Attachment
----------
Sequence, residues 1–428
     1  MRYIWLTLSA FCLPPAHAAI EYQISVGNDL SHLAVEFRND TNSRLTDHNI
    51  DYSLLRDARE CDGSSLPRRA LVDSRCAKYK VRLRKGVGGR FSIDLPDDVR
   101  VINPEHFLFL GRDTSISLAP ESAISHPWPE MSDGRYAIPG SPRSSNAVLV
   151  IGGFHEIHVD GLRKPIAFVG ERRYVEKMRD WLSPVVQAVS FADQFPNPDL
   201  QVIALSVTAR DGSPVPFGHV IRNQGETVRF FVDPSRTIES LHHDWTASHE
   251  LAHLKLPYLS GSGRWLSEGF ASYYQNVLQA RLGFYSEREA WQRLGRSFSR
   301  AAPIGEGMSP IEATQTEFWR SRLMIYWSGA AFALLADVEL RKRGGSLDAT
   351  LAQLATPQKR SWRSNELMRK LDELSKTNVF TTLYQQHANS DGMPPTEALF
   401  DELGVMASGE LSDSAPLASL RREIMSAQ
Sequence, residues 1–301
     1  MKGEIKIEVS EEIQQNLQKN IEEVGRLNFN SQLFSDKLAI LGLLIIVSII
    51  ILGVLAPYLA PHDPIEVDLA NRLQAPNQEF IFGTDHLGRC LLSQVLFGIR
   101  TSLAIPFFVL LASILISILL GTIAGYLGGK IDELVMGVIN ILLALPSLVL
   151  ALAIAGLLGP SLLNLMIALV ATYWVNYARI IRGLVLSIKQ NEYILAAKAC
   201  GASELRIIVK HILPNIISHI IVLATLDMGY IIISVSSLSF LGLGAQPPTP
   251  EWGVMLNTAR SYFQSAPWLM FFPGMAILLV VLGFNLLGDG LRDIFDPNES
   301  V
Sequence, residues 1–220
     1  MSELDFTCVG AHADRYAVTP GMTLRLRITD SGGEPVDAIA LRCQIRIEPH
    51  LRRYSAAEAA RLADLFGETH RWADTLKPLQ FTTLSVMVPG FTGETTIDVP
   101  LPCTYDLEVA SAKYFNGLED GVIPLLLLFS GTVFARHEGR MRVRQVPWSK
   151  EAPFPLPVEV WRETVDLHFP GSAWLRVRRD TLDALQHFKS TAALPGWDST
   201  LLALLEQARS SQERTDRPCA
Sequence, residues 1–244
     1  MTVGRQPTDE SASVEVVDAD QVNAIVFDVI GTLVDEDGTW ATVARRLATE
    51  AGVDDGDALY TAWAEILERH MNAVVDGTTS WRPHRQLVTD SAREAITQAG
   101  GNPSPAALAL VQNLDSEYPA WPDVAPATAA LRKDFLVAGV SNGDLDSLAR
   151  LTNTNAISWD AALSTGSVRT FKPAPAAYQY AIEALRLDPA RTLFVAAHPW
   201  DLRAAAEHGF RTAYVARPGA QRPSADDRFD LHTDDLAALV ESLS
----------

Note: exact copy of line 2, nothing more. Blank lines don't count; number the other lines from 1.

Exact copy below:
     1  MRYIWLTLSA FCLPPAHAAI EYQISVGNDL SHLAVEFRND TNSRLTDHNI